I H A V E T O listen to music when I write. I just have to. When I was writing Her Beautiful Monster, my first novel, I used specific song lyrics for inspiration which were then featured at the start of every chapter (that list is featured below). And as I move onto other projects, I keep the same system – certain lyrics really inspire a scene or a character or even a type of mood. Here’s what I’m currently listening to as I work on a new manuscript:

  • “Iceman” by Bruce Springsteen

    “my baby was a lover and the world just blew her away//once they tried to steal my heart, beat it right outta my head//but baby they didn’t know that i was born dead.”

    The new manuscript I’m working on (or at least one of them) is greatly inspired by my love for the one, the only, the true hero of the great Garden State, Bruce Springsteen. I’ve been listening to The Boss for almost as long as I’ve been writing, and his voice has been irrevocably and inextricably linked with my own. To pay him homage, I’ve made my protagonist an aging rockstar endeavoring to return his career to its former glory by embarking on a tour comprised of intimate shows in small venues of the beaten path, a sort of grass roots movement to reconnect with his people.

  • “Get Hurt” by Gaslight Anthem

    “and I came to get hurt//might as well do your worst to me, hey hey//have you come here to get hurt?//have you come to take away from me, from me, from me?//might as well do your worst to me.”

    While trying to reconnect with his fans, he gets more than he bargained for when he meets a starry-eyed young woman who asks for his autograph. She’s the only one to do so at the venue, so they talk more than they should about more than they should. And that gets the protagonist into some trouble as he’s married and significantly older.

  • “High Dive” by Andrew McMahon In The Wilderness

    “you dance with your headphones on//and i could watch you all night long//dancing to someone else’s song.”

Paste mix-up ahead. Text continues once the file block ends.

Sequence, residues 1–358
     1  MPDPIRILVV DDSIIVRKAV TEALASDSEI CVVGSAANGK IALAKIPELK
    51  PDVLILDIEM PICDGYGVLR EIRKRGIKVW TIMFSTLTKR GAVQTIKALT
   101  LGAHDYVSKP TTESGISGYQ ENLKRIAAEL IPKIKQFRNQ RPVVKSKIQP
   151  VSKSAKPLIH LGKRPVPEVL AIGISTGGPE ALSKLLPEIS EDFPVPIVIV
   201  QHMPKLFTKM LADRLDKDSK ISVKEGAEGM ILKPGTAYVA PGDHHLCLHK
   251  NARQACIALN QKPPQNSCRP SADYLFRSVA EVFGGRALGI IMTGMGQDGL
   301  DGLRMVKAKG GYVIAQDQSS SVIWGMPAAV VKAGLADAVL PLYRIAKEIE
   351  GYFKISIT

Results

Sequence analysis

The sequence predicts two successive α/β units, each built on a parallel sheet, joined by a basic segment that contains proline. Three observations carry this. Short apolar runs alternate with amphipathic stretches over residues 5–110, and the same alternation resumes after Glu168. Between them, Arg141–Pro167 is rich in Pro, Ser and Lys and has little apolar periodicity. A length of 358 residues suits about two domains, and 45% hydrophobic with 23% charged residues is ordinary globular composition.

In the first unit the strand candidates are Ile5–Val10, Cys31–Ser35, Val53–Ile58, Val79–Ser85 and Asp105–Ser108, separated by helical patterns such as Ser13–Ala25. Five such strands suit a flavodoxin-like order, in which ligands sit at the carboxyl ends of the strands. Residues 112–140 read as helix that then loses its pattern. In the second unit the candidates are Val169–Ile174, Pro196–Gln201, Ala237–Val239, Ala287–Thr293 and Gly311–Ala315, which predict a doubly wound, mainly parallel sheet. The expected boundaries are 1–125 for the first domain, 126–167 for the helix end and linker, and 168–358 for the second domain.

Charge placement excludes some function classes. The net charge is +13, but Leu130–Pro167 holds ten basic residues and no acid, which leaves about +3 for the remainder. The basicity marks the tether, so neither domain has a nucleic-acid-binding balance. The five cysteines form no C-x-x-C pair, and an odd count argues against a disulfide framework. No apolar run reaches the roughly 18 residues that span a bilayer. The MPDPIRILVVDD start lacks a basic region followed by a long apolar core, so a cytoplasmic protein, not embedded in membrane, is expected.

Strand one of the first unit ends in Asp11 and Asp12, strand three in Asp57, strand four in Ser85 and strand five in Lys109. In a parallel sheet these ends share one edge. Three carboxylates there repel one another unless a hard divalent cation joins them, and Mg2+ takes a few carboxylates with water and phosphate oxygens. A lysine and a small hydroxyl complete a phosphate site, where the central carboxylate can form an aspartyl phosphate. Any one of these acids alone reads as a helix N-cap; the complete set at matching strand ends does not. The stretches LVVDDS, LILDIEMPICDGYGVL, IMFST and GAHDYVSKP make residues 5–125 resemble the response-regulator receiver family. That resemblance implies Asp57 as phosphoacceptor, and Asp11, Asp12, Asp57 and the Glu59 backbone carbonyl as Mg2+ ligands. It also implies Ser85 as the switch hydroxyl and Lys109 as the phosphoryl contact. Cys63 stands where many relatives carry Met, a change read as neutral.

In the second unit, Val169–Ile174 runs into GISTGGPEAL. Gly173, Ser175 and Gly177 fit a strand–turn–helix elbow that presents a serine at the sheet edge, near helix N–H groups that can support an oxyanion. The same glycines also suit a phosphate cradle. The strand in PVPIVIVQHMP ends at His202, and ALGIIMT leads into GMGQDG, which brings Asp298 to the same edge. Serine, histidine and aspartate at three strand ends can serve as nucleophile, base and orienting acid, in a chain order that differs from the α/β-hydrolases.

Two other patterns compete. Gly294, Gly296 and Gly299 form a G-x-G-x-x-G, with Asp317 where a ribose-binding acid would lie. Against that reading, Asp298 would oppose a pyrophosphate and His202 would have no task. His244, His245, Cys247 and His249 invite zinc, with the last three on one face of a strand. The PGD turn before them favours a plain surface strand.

The age difference between the aging rock star and his young fan becomes too much for the relationship, and the young fan decides to try a romantic relationship with a young man closer to her own age. This drives the protagonist insane with jealousy. And, just to make things even more interesting, the young man is hiding a dangerous secret that could endanger the lives of everyone involved in the sordid love affair.

  • “The Thing About Things” by Amanda Palmer

    “the thing about things is that they can start meaning things//nobody actually said//and if he couldn’t make something mean something for me//i had to make up what it meant.”

    I’m not entirely sure how this particular set of lyrics inspired me, but OHMAN they resonate with me. I had a failed relationship that I’m still sore from, and I have mementos stashed in the back of a tiny drawer in my writing desk (a deck of playing cards, a hotel room key, a pair of socks) that remind me of when I was happiest, of the possibility of love and romance. I imagine the young fan would hang on to mementos of her fling with the aging rockstar in a similar fashion, which is why despite her new relationship, she can’t quite let go, and that adds to the conflict and the complexity of the narrative.

  • “Things Ain’t Like They Used to Be” by The Black Keys

    “she’s got the kind of love i need//the kind that’s never good on me//it doesn’t mean a thing to me//it doesn’t mean a thing to me//and it’s about time you see//things ain’t like they used to be.”

    This song reinforces the same ideas as the previous song, but does so from my protagonist’s point of view. I want his relationship with his fan to be somewhat toxic, and even though those involved recognize the relationship as such, they cannot leave the other alone. Personally, I believe we all fall victim to a relationship like that at one point or another- we know the person’s bad for us, but we can’t stay away and even though we’re not necessarily good for the other person either, that person can’t let go.

  • “Unsteady” by X Ambassadors

    “if you love me, don’t let go//if you love me, don’t let go//hold//hold on//hold onto me//’cause i’m a little unsteady//a little unsteady.”